Searching for a job is tough, and if you’re lucky enough to get a job offer it should be an exciting time. For the most part, this is true. But sometimes you will find yourself in the position where you need to turn a job down. It might be because you’ve accepted another position, got a better offer, or that you found out through the interview process that the position wasn’t right for you. Whatever your reason for declining a job, you’ll need to handle the situation carefully.
Trust me, it’s important to decline
If a company has gotten to the stage where they’re confident enough to make you an offer, then you’ve likely done a great job during the interview process. However, if you’re turning them down, the company or hiring manager might feel a bit unhappy about your choice. Yes, it is business and there are going to be disappointments. But still, you need to handle turning the job down with tact for several reasons. For one thing, you never know where your life may take you. Someday you might find yourself in a position where you want to apply to this company again. Additionally, the work world is small and the employees you interviewed with might be your future coworkers or bosses. But more than anything, nicely declining a job offer is just the right thing to do. So how exactly do you turn down a job?
The biggest thing you have to remember is you need to respond in a timely fashion. The company is waiting for your answer, and other candidates are waiting to see if they got the job. Once you decline, the process will keep moving. Keeping a company waiting can cost them time and money, not to mention potentially losing other qualified candidates who may accept other offers as well.
Responding to an offer can take many forms. Often, an HR department will send your offer via email. This is an easy way for you to quickly and nicely respond telling them you will not be accepting the position. Make sure you thank them for their time, and give them a firm and clear “no” response. Saying something vague may seem easier, but it will keep them guessing about whether they should expect you to join the team. If you really liked the company, ask them if it would be ok to keep in contact in case there are opportunities that you might be right for in the future.
Call Them Back (if they called you)
Some offers come by phone. This is a bit tougher for most people to deal with, since we spend so much time communicating in writing. A phone job offer can catch you off guard and unprepared. It’s ok, just take a deep breath and respond. If you’re not sure about the position, ask for time to consider the offer and give them a deadline when they can expect you to respond. If you already know you won’t be taking the job, tell them you appreciate the offer but you will not be able to accept it at this time. If they push for a reason, be honest but be nice. There are many acceptable responses; you might not be a good fit, you might see your career going in a different direction, you got a better offer, or you may have accepted a different opportunity (be careful with this response because you probably should have notified the company you were dropping out of the process already). Being kind and being honest is the best policy.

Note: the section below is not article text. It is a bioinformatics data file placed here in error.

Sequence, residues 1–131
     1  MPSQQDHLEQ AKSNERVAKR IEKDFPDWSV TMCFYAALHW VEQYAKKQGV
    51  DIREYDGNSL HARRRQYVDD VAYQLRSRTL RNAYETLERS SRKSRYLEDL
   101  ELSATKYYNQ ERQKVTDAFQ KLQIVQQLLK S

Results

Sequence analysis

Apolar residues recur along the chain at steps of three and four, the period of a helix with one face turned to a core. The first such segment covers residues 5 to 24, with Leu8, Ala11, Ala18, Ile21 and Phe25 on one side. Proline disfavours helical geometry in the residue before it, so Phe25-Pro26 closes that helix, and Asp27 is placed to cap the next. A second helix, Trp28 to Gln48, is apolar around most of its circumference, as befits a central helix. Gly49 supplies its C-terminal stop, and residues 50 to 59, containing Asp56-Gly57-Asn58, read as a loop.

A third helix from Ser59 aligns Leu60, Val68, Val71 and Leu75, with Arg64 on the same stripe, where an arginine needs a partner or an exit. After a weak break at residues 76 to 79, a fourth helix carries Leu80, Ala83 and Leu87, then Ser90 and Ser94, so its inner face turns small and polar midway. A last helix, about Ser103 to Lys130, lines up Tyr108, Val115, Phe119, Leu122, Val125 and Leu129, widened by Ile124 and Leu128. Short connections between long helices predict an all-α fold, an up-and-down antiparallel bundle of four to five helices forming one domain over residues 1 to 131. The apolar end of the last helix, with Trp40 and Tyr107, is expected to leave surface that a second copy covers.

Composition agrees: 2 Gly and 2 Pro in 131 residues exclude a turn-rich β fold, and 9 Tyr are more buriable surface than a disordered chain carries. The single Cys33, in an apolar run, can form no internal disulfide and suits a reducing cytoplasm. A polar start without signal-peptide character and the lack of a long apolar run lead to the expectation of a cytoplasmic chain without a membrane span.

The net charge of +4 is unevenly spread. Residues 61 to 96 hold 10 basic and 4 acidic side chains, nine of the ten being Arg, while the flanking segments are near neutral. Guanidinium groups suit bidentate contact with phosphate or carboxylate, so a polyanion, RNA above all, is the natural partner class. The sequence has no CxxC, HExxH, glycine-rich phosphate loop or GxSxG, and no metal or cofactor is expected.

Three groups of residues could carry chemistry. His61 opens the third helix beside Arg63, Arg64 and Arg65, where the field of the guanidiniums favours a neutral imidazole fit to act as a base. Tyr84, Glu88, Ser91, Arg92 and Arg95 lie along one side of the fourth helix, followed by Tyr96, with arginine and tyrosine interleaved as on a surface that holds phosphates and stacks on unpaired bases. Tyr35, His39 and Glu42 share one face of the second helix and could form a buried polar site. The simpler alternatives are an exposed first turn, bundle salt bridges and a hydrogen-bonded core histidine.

If you’re a freelancer, it is also important to respond to project or job offers quickly and politely. Even if you are offered the work via a chat message, sending a nice reply will go a long way. While you can’t typically use the excuse that you’ve accepted another position because you do project-based work, you can still nicely decline. Say something simple like, “I really appreciate the opportunity, but I’ve taken on a full project schedule at the moment. I hope you find an excellent new candidate for the job and that we get to work together in the future. Thanks again!” This leaves the door open for future work, but lets the client know now isn’t a good time.
If the work is outside of the scope of what you do, just tell them. It could be that your declining a job that can easily be focused to only include your skillset. Responding by saying, “I really appreciate the offer, but I think the scope of the project it a bit different than I anticipated. Since I mostly focus on (insert your field here), it seems there might be components of the job I won’t be able to complete. I appreciate the opportunity and hope to work with you on future projects.” Then you just have to wait. They might come back thanking you for your time, or they might work with you to refine the project. It is better to be honest now than trying to learn an entirely new skill to meet their requirements. I’ve had plenty of freelance jobs that started by asking me to be a designer and a writer. Once I made it clear I wasn’t a professional designer I still got the job, and my writing was simply sent to a designer once I finished.
Another important thing to remember as a freelancer is you can always ask for a timeline. Maybe you can’t do it this week because you just got a quick-turnaround project. If you ask for a timeline, you might find out you can accept the project because it isn’t all due immediately. It took me a few months of freelancing to drop my traditional job mindset that everything was due immediately. Freelance jobs are great because they often involve more flexibility, so it doesn’t hurt to ask!
Remember, companies are trying to build strong teams of people that can work well together. A job offer means that they probably think pretty highly of you. Showing them the same respect and consideration they show you is important to maintain a good reputation and good business karma.
Have you ever needed to turn a job down? Did it go well, or do you wish you handled things differently? Let us know in the comments below and help other job seekers to do the right thing!